dahl-riceMy maternal grandmother ran the Piccadilly Hotel in Rangoon. Now she, along with her only surviving son, was all about food. I lived in the hotel with my  five male cousins and we all became little cook’s helpers. Unfortunately, only I escaped the epigenetic change that enabled the boys to become great cooks. As “Ma,” she made sure we roamed the hallways as a little gang, thereby protecting us from certain characters who lodged there in transit to Bangkok or Delhi. She set the rules for riding out into the Night Bazaar on my uncle’s scooter, clutched to his flapping, open shirt. Being the only girl (at the time), I was forbidden to go though my uncle found ways around that senseless rule. Apparently robai-shin meant something different to him. As “Belle,” she swept through the evening society parties in shimmering gowns with a hairstyle of braids wound upright over her head like a dark halo and an eternal eye cast on negotiating the family’s best future.

robai-shin2Out of joyful mind and robai-shin arises great mind. “Like a great mountain or a great ocean,” it is the nondiscriminatory mind. It is the vast, boundless space which is also robai-shin and joyful mind because it contains everything. Instructions for the Tenzo is a simile wrapped around a metaphor at whose heart lies a mirror. It’s a discourse on how to wash rice, pointing to principles for living a life of deep practice, penetrating that deep question of who we truly are.  In the teachings of the three minds, Dogen reveals the components of both community and the Great Matter, leaving it up to us to craft a recipe that honours why we have been held in robai-shin and are called to embody robai-shin.


1. Tanahashi, Kazuaki (Ed.), Moon in a Dewdrop: Writings of Zen Master Dogen. North Point Press, NY.

chickpea soup

The Chickpea and the Cook

A chickpea leaps almost over the rim of the pot
where it’s being boiled.

“Why are you doing this to me?”

The cook knocks him down with the ladle.

“Don’t you try to jump out.
You think I’m torturing you.
I’m giving you flavor,
so you can mix with spices and rice
and be the lovely vitality of a human being.

“Remember when you drank rain in the garden.
That was for this.”

Grace first. Sexual pleasure,
then a boiling new life begins,
and the Friend has something good to eat.

Eventually the chickpea
will say to the cook,
“Boil me some more.
Hit me with the skimming spoon.
I can’t do this by myself.

“I’m like an elephant that dreams of gardens
back in Hindustan and doesn’t pay attention
to his driver. You’re my cook, my driver,
my way into existence. I love your cooking.”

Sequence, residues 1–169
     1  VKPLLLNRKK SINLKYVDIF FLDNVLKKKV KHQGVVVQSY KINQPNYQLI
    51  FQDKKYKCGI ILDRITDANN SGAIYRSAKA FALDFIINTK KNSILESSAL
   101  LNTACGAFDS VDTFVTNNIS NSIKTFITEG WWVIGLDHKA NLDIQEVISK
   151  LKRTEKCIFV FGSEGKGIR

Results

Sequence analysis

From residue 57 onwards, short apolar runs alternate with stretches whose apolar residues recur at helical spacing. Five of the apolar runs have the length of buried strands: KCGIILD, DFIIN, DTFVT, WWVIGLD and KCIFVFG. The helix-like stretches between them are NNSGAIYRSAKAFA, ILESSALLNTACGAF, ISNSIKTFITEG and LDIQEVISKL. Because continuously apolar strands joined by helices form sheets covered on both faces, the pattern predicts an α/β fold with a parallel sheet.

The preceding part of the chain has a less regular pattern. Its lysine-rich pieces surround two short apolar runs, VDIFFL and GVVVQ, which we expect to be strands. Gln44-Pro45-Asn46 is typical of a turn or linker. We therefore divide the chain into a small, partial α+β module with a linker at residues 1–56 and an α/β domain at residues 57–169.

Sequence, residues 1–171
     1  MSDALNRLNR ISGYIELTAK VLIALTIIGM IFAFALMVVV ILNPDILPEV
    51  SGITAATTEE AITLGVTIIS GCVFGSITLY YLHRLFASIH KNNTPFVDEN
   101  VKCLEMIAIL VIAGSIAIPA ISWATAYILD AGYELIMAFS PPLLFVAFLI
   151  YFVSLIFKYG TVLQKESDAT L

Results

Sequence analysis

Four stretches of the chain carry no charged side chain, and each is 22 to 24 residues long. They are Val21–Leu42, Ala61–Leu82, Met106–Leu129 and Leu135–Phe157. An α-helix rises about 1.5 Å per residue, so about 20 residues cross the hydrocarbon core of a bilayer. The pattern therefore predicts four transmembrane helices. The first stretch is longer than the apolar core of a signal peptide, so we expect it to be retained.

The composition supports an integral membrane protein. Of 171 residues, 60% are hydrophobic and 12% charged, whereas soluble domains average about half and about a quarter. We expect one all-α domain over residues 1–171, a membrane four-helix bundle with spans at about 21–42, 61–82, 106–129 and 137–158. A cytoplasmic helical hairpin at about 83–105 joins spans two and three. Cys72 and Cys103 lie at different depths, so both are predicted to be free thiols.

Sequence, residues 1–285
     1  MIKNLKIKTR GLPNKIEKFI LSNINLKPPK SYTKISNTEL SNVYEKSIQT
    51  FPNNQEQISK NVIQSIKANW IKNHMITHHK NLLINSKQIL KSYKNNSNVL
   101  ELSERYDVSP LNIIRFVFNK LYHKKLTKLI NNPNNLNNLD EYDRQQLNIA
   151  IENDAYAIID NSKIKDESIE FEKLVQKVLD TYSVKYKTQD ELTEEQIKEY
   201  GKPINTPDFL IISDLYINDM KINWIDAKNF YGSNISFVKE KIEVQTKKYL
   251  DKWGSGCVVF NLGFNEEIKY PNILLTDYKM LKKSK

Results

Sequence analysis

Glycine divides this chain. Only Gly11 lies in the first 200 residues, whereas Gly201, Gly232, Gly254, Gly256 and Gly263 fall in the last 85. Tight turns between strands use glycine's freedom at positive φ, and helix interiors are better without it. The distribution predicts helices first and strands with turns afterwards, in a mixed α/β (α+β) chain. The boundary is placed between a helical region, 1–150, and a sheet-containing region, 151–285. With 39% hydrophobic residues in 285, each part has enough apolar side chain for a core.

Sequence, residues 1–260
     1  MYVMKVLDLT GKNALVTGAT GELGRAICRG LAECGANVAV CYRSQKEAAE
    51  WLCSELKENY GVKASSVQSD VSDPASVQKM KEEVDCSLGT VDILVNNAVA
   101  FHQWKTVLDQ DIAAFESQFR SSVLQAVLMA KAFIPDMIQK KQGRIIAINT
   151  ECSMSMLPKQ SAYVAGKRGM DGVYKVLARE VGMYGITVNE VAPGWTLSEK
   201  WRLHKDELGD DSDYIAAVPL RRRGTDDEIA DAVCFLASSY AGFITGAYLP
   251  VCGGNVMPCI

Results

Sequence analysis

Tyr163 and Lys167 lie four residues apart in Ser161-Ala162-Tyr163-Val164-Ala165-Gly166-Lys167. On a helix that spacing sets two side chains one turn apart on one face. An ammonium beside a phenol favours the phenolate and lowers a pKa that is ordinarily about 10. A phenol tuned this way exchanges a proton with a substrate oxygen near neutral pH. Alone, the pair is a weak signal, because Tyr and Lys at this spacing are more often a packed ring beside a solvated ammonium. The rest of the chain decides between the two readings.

The cook says,
“I was once like you,
fresh from the ground. Then I boiled in time,
and boiled in the body, two fierce boilings.

“My animal soul grew powerful.
I controlled it with practices,
and boiled some more, and boiled
once beyond that,
and became your teacher.”

Rumi, translated by Coleman Barks

My favourite Chickpea Soup served on our Days of Mindfulness

1 cup garbanzo beans (canned or soaked and cooked from dried beans)
6 cups water or vegetable broth
1 yellow onion, sliced
1 tbsp olive oil
3 cloves garlic, minced
1/8 tsp saffron threads
salt and pepper
1 bunch spinach (about 1 pound)
(mushrooms if you wish)

Saute onions in olive oil until soft and translucent.  Add garlic and cook
another minute or two.  Put in beans with cooking broth or water.  Add the
saffron threads and mild amount of salt and black pepper.  Let it stew.  Add
spinach after washing leaves.  Cook until spinach wilts.  Check seasoning
and serve.

Serves 4-6 people.  Recipe doubles well.

Thank you for practicing and may you be nourished,


turn around

A teacher of old said:

Two-thirds of your life has passed,
not polishing even a spot of your source of sacredness.
You devour your life, your days are busy with this and that.
If you don’t turn around at my shout, what can I do?

from Moon in a Dewdrop, Instruction for the Tenzo, edited by Kazuaki Tanahashi

To watch the video “Instructions to the Cook,” click here.

And for Edward Espe Brown’s Cook Your Life, click here.

Thank you for practicing,


wash your bowls

As part of our livelihood, we offer clinical practicum experience for doctoral students who want to learn about mindfulness practice.  It’s an offering to the community and often a joy to share the practice with inquisitive, young minds.  Of course, they come with an intellectual curiousity and an academic stance to the work of dealing with suffering.  The frontal lobes are fully online and the feeling brain is nowhere to be found – an unusual situation given the desire to ease suffering demands more of the latter than the former.  But I fully understand the need to protect oneself with logic and analytic thinking in the face of the darkness we touch in (ourselves and) others.